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CUT CHEKERING, COMBINED with an accent drop point in the stock, coupled with jeweling of the monoblock result in a gun that looks as good as it shoots. That’s nice.

A small cloud of feathers floated in the air as the bird dropped directly to the ground with an audible “thump,” stone dead on impact. A quick check of the bird showed that it took basically the whole load of No. 7 1/2 shot from the 2 1/2-inch shell.


Most of the remainder of shots that day were in the 30- to 40-yard range and when I hit the birds, they came right down. The most effective shooting style was to mount the gun while coming from behind and then torching off the round just as the muzzles went a tiny distance in front of the beak.


When the gun is lively and responsive, this is easy and effective. It should be fun to see how the gun works on quail. My guess is it will do just fine. Also, this would be a great rig for pheasants and chukar over pointers on hunting preserves. One thing is certain. It is a great bet for those who don’t want to lug a boat anchor around the hunting fields all day.


And, appropriately, the entire gun is scaled to the gauge. That means everything is the right size and shape for a proper .410. Balance is such that the gun is neither barrel nor butt-heavy. Often, .410s are barrel-light, which means they are hard to track and tend to go quickly past the bird. Not so with the svelte Dickinson.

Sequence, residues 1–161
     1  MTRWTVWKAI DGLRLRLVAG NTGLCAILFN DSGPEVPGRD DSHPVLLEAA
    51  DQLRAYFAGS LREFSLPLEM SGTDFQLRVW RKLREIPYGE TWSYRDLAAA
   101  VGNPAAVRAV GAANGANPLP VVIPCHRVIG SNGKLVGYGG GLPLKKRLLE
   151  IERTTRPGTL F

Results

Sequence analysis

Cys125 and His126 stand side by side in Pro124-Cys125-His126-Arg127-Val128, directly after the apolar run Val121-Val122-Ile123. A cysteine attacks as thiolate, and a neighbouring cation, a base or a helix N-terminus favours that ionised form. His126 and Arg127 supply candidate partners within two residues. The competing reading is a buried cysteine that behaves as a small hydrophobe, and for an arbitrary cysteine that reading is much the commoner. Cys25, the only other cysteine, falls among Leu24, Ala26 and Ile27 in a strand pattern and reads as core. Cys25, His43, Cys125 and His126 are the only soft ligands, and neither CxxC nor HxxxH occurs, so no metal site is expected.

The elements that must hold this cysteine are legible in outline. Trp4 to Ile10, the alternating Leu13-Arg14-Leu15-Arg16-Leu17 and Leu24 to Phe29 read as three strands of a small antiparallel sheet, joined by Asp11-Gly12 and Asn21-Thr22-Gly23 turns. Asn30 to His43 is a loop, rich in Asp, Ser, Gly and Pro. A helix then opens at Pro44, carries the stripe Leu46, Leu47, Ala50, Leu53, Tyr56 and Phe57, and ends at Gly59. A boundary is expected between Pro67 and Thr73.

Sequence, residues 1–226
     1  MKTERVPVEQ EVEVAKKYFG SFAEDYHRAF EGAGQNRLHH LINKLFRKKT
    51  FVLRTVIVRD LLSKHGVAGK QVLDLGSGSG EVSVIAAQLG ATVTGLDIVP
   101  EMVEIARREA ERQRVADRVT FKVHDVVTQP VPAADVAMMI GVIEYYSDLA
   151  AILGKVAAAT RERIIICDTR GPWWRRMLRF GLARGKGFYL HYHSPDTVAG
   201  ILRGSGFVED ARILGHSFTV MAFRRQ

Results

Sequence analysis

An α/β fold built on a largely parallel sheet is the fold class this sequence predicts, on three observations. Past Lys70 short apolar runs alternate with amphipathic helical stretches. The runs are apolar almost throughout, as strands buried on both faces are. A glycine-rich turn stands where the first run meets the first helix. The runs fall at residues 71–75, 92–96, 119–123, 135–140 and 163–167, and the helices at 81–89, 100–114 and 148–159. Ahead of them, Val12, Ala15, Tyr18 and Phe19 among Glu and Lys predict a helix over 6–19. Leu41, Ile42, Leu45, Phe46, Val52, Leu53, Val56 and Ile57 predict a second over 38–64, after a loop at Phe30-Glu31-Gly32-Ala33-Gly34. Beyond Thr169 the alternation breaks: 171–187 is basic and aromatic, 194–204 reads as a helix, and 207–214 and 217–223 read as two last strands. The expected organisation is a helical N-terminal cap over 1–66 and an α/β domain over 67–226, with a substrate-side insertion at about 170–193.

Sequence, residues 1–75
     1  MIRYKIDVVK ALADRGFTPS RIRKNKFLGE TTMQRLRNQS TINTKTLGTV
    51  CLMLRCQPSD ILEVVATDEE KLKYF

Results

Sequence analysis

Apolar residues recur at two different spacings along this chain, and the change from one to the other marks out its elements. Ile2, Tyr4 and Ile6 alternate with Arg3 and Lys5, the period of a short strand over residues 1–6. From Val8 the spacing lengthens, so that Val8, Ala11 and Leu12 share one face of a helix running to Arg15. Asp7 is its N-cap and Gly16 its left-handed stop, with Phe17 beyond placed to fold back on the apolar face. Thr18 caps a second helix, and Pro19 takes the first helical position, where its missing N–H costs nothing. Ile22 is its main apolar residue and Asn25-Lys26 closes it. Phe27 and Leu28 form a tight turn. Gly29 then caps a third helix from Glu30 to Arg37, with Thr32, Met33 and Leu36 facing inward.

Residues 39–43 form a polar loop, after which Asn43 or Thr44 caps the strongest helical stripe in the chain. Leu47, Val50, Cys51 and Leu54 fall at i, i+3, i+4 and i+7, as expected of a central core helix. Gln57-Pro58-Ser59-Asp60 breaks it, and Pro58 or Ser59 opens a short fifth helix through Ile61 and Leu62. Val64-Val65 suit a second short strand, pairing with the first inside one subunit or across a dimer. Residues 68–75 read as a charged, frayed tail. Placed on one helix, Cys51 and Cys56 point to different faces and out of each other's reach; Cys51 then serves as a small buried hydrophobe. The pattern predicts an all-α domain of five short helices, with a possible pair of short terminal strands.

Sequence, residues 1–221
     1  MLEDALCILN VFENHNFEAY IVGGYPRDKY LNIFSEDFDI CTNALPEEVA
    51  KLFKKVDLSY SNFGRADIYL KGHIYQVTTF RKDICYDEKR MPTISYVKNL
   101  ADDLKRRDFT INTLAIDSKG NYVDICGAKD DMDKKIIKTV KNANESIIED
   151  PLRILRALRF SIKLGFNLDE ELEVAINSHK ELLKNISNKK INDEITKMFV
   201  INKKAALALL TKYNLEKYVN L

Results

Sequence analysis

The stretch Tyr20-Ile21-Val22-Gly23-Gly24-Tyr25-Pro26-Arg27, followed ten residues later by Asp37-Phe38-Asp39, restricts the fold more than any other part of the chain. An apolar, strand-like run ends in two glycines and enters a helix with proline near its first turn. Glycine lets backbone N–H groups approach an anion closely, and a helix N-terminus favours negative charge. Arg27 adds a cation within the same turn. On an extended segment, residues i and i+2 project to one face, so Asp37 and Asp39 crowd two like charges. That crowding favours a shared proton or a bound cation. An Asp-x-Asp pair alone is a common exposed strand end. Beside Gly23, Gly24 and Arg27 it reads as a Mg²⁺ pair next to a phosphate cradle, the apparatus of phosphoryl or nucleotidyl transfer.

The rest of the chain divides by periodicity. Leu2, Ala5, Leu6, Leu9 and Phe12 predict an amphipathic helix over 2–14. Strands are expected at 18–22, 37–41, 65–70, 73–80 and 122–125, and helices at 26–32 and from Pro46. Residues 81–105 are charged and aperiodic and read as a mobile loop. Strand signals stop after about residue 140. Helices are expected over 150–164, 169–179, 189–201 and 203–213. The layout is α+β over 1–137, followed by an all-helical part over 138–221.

This gun feels really right in the hands. It has a thin pistol grip and forend, with a Schnabel tip on the forend wood.


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THE SVELTE DICKINSON .410 not only bagged doves, but was a real performer on the sporting clays range before the hunt.


Well-done point checkering in both pistol grip and forend enhance the purchase, or hold, which is instinctively firm. There are two nice touches on the stock. One is the way the checkering comes fully around the top of the pistol grip where the patterns from both sides meet attractively dead center atop the grip. This is something that is limited to serious guns that are as interested in aesthetics as function.


Another nice touch is the presence of “teardrop” drop points on either side of the stock just aft of the sideplates. The Turkish walnut stock and forend are both done extremely well. The fit of the sideplates in the stock is superb.


This is a handsome shotgun all around, and especially the color case hardening of the metal parts of the action and forend. The ventilated rib atop the top barrel features a single brass bead sight. The rib itself is cross-filed to reduce reflection and there are full side ribs between the barrels. A rubber butt pad completes the ensemble.


It looks like Dickinson has done it again. These folks are paying close attention to all details and the results in the field reflect how effectively this is done. Great gun. Lots of fun.


comus_thedickinson
THE DICKINSON PLANTATION .410 over/under proved its mettle during the early dove season, taking both white-winged and mourning doves. Here, author shows a white-winged dove he took with the Dickinson gun.

• • • • •